Notes on a talk on the data platform for Threat detection and response at scale at Spark+AI Summit, 2018.
The threat detection problem, use-cases and scale.
- It’s important to focus on and build the data platform first else one can get siloed into narrow set of addressable use-cases.
- we want to detect attacks,
- contextualize the attacks
- determine root cause of an attack,
- determine what the scope of the incident might be
- determine what we need to contain it
- Diverse threats require diverse data sets
- the Threat signal can be concentrated or spread in time
- Keylines visualization library is used to build a visualization of detection, contextualization, containment
Streaming is a simple pattern that takes us very far for detection
- Streams are left-joined with context and filtered or inner-joined with indicators
- Can do a lot with this but not everything
- Graphs are key. Graphs at scale are super hard.
Enabling triage and containment with search and query
- to triage the detection, it comes down to search and query.
- ETM does 3.5million records/sec. 100TB of data a day. 300B events a day.
- 11 trillion rows, 0.5PB of data.
Ingestion architecture – tries to solve all these problems and balance issues.
- data comes into s3 in a consistent json wrapper
- there’s a single ETL job that takes all the data and writes it into a single staging table which is partitioned by date and event-type, has a long retention
- table is optimized to stream new data in and stream data out of, but can be queried as well. you can actually go and query it using sql function
- highest value data – we write parsers, we have discrete parsing streams and put them into a common schema and put it into separate delta tables. well parsed, well structured.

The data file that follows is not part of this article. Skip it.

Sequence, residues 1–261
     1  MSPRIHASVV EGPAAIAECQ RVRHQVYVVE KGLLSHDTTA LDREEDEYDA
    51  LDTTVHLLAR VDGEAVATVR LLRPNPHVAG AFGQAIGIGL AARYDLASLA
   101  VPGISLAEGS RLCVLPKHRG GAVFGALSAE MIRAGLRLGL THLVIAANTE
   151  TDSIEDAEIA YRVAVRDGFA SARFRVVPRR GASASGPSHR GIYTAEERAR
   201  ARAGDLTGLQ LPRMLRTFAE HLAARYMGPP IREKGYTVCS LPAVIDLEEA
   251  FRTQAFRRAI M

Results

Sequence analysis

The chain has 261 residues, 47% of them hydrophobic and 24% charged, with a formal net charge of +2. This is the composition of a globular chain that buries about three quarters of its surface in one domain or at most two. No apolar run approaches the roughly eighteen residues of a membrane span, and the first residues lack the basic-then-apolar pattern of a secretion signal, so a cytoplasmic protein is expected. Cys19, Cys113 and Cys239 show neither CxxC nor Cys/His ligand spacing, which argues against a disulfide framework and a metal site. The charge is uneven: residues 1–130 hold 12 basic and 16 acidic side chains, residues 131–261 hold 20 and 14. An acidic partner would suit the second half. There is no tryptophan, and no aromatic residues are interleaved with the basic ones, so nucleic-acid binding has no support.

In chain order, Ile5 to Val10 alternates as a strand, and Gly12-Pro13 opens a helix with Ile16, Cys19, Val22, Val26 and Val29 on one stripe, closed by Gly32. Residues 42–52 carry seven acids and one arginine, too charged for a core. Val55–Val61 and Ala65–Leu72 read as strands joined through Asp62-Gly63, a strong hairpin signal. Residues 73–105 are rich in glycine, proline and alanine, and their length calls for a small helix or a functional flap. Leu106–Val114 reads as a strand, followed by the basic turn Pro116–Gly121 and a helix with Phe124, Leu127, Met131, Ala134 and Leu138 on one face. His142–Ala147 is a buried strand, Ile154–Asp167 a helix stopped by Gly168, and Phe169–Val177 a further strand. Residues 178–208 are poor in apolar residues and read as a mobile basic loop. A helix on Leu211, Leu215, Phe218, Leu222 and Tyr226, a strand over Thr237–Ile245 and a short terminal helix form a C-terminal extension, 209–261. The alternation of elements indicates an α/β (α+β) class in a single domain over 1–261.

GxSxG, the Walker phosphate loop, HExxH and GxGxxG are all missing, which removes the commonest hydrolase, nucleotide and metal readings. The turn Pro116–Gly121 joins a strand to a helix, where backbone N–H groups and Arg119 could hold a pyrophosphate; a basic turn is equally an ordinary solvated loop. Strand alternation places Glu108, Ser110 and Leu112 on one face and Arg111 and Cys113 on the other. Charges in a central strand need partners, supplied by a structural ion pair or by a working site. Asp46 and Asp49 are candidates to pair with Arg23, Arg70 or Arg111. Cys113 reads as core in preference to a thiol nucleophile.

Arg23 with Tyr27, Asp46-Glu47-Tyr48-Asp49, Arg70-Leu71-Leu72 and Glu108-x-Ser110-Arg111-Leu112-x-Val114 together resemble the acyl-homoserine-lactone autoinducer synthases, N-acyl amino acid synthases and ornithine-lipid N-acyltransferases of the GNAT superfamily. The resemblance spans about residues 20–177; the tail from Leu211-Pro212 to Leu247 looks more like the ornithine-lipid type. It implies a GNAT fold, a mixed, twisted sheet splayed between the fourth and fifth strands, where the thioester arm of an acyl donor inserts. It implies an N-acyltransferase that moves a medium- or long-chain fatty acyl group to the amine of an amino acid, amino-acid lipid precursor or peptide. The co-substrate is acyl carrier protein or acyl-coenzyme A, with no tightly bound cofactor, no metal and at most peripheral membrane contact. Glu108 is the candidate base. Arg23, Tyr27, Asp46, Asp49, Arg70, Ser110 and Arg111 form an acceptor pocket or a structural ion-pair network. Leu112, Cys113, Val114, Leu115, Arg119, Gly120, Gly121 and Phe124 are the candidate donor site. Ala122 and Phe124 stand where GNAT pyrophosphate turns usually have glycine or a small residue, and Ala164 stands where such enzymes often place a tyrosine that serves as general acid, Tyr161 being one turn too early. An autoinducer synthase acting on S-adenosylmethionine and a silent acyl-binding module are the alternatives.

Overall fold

- use optimizations from delta, z-odering.. to index over columns that are common predicates. search by IP address, domain names – those are what we order by
- indexing and z-ordering – take advantage of data skipping
- sometimes we parser code gets messed up.
- single staging table.. is great . we just let the fixed parser run forward, we have all the data corrected, then we are back-corrected. don’t have to repackage code and run as a batch job. we literally just fix code and run it in the same model that’s it.
- off of these refined tables or parsed data sets, this is where the detection comes in.
- we have a number of detection streams in batches, that do the logic and analysis. facet-faced or statistical.
- alerts that come out of this go to their own alert table. goes to delta again. long retection, consistent schema. another streaming job then does de-duplication and whitelisting and writes out alerts to our alert management system. we durably store all the alerts, whether or not de-duped/whitelisted
- allows us to go back and fix things if things are not quite correct, accidentally.
- all this gives us operational sanity, and a nice feedback loop
Thanks to z-ordering, it can go from scanning 500TB to 36TB.
- average case is searching over weeks or months. it makes it usable for ad-hoc refinements.
- simple, unified platform.
Michael: Demo on interactive queries over months of data
- first attempt is sql SELECT on raw data. takes too long, cancelled. second attempt uses HMS, still too long, cancelled. why is this so hard ?
- observation: every data problem is actually two problems 1) data engineering and 2) data science. most projects fail on step 1.
- doing it with delta – the following command takes 17s and fires off spark job to put the data in a common schema.
CREATE TABLE connections USING delta AS SELECT * from json.'/data/connections'
SELECT * FROM connections WHERE dest_port = 666
this is great to query the historical data quickly.. however batch alone is not going to cut it as we may have attacks going on right now. but delta plugs into streaming as well:
INSERT INTO connections SELECT * from kafkaStream
Now we’ve Indexed both batch and streaming data.
We can run a python netviz command to visualize the connections.
Here’s a paper on the Databricks Delta Lake approach – https://databricks.com/wp-content/uploads/2020/08/p975-armbrust.pdf .